Report Atkins died obese renews food fight

NEW YORK: It seems that even dead men must worry about their reputations.

NEW YORK: It seems that even dead men must worry about their reputations.

A major salvo erupted last week in the ongoing war between vegetarians on one side and the late diet guru Robert Atkins, his popular diet, and Atkins Nutritionals on the other.

On February 10, The Wall Street Journal reported that the 6-foot Atkins weighed 258 pounds and had heart disease when he died last April at 72 from a fall. At that weight, he would have been obese, according to the Centers for Disease Control and Prevention's body mass index calculator.

The Journal had been given a medical examiner's report by the Physicians Committee for Responsible Medicine (PCRM), which is described by the paper as "a group that advocates a vegetarian diet and has long been critical of the Atkins approach." That criticism stems from the diet's emphasis on meat, fish, and cheese.

In the article, Stuart Trager, chairman of the Atkins Physicians Council, an advisory panel set up by the Atkins company, said the diet doctor's cardiomyopathy, a heart-muscle disease, probably resulted from a virus. Trager said his weight gain was due to fluid retention, which is not uncommon in people with that condition.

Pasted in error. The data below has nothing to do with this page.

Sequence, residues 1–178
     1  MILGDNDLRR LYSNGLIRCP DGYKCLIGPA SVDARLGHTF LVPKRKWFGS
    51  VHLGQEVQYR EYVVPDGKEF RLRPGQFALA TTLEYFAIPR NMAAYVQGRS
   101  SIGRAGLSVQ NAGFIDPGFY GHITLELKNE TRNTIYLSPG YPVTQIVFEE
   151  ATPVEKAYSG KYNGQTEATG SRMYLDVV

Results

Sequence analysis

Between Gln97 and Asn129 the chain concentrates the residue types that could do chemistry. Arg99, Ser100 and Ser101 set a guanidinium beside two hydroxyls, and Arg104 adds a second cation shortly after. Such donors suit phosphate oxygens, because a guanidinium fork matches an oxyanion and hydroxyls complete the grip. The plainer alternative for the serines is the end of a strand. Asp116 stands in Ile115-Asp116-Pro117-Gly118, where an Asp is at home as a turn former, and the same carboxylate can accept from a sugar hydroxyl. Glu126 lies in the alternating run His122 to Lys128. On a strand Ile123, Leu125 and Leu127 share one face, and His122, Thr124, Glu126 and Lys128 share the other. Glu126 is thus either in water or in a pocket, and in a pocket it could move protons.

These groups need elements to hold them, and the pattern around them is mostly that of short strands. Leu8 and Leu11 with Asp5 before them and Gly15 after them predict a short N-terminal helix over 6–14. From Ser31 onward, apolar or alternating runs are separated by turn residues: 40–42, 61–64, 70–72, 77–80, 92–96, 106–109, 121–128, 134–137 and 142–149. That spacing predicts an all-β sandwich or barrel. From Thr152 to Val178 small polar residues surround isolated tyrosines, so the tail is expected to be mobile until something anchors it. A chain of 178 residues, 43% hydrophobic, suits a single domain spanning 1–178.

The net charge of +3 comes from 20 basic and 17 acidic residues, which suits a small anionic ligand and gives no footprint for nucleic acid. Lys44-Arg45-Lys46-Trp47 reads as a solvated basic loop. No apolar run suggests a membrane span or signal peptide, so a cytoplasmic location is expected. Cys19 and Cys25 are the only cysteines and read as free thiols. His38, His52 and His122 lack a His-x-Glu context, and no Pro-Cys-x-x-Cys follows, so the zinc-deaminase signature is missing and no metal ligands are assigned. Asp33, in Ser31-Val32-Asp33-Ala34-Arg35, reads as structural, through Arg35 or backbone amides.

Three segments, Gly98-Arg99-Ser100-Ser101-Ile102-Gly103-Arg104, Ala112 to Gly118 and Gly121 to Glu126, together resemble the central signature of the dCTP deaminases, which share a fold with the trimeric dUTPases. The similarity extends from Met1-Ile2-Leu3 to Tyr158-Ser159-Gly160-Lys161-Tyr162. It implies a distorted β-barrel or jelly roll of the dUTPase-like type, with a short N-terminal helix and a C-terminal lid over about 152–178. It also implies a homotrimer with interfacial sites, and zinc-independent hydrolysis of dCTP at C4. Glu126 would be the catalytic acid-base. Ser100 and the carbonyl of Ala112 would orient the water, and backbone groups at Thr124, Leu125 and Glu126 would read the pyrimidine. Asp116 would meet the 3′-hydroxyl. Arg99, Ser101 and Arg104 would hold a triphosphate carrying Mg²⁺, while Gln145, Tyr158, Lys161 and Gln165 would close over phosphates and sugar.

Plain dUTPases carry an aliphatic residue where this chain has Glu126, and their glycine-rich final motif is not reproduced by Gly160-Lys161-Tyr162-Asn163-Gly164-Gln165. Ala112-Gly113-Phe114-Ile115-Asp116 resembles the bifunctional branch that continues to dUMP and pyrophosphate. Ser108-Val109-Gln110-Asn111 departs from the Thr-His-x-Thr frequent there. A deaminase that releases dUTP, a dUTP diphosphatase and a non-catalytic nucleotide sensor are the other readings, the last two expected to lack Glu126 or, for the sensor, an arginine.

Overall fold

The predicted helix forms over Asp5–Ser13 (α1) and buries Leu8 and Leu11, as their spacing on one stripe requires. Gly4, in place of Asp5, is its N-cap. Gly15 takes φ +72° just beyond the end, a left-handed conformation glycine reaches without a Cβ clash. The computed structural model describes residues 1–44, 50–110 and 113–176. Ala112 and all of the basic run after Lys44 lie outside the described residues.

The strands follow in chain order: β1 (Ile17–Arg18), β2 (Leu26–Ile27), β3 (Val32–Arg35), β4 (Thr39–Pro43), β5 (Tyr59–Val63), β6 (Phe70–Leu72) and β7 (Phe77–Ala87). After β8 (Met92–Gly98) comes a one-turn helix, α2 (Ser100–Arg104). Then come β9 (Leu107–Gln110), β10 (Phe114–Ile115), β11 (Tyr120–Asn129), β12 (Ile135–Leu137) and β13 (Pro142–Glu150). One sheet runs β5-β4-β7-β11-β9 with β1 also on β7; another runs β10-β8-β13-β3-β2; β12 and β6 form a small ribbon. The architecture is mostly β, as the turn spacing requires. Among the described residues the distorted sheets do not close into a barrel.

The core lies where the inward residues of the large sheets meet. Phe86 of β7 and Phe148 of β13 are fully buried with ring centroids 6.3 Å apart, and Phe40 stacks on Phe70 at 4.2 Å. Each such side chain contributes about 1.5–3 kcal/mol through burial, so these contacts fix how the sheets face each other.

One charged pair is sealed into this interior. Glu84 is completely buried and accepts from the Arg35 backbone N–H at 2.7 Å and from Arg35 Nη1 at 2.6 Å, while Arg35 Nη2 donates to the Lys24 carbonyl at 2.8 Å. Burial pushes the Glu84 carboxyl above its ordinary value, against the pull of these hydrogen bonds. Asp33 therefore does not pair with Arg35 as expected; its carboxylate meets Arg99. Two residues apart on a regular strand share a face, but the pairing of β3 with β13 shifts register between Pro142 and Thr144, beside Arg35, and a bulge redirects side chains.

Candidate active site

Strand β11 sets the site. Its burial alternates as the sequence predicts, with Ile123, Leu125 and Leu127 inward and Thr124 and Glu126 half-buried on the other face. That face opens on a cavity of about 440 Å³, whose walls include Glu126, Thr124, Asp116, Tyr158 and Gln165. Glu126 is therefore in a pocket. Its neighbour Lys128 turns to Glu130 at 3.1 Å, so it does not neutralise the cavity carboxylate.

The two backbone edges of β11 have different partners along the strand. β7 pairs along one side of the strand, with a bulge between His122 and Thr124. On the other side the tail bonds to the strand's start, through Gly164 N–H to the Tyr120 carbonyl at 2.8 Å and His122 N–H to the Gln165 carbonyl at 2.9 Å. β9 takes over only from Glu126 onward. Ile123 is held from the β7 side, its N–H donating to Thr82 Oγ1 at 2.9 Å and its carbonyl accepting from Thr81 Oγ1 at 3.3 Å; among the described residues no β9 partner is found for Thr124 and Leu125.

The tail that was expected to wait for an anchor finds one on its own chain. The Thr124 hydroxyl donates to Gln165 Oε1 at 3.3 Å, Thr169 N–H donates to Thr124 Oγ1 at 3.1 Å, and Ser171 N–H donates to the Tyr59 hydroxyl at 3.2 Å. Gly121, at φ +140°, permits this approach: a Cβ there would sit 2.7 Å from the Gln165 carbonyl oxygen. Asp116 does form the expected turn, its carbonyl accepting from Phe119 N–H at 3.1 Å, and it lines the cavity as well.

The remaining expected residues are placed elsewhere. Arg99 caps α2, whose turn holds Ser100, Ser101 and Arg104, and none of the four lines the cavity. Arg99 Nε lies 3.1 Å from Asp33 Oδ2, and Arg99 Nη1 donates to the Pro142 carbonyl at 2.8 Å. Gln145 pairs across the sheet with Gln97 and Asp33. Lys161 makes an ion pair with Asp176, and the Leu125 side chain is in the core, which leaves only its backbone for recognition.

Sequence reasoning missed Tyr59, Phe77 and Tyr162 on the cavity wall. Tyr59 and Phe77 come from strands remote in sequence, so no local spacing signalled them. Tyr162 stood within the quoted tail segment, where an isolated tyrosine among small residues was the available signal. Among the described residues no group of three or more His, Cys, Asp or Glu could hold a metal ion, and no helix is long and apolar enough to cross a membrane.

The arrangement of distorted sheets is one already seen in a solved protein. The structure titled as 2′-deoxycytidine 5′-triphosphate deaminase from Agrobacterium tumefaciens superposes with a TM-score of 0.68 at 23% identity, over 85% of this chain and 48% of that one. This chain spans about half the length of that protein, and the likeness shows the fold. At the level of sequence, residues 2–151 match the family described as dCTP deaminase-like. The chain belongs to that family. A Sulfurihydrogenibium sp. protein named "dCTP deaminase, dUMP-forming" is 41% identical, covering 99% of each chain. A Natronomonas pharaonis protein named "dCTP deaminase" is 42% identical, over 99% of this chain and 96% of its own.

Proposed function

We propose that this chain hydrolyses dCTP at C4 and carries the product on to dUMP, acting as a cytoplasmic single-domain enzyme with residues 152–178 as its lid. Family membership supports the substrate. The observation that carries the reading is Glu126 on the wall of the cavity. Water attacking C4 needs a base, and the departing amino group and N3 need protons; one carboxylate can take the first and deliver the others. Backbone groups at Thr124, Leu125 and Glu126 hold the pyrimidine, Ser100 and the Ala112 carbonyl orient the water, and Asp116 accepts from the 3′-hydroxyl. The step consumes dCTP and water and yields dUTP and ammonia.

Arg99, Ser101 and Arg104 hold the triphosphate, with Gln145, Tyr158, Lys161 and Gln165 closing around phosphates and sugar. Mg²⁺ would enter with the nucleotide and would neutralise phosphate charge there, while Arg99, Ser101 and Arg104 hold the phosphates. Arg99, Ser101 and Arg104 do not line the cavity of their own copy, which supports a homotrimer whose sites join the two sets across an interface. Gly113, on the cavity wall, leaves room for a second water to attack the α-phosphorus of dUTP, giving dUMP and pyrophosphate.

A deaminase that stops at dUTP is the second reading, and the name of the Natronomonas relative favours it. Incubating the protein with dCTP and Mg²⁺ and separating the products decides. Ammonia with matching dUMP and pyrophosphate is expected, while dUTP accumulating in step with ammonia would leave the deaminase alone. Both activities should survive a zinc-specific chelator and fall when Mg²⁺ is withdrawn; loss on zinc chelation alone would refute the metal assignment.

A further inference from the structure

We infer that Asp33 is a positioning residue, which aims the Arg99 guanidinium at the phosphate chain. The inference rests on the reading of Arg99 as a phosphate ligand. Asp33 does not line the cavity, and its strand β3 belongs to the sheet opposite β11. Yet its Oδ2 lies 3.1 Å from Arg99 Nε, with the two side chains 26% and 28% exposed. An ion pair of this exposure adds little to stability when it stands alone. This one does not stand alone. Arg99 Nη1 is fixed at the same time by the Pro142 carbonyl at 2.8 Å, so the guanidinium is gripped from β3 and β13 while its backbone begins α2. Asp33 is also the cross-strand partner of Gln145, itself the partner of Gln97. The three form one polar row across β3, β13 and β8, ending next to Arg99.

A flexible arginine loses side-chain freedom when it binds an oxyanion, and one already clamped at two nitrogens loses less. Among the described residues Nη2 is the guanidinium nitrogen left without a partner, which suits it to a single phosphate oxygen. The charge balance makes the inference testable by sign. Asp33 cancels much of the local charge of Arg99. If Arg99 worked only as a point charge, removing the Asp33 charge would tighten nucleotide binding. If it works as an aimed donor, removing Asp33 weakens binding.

Last week, Trager blasted the paper for running the story. Atkins' allies were quick to counter suggestions that the diet, which Atkins followed, caused his heart condition or weight gain. Atkins' widow, Veronica, said the PCRM was attempting to hurt her husband's reputation.

Neal Barnard, president of the PCRM, said that the Atkins website includes extensive information about Atkins' health, including Veronica Atkins' statement last week in which she admitted her late husband had some coronary blockage. Barnard said this contradicts an earlier statement from Atkins Nutritionals that the diet guru had no coronary disease.

Barnard criticized Atkins supporters for putting out this information, "and apparently inaccurately, with the goal of keeping people on this diet by the tens of millions with assurances of safety, which really don't wash, based on Atkins' own health records."

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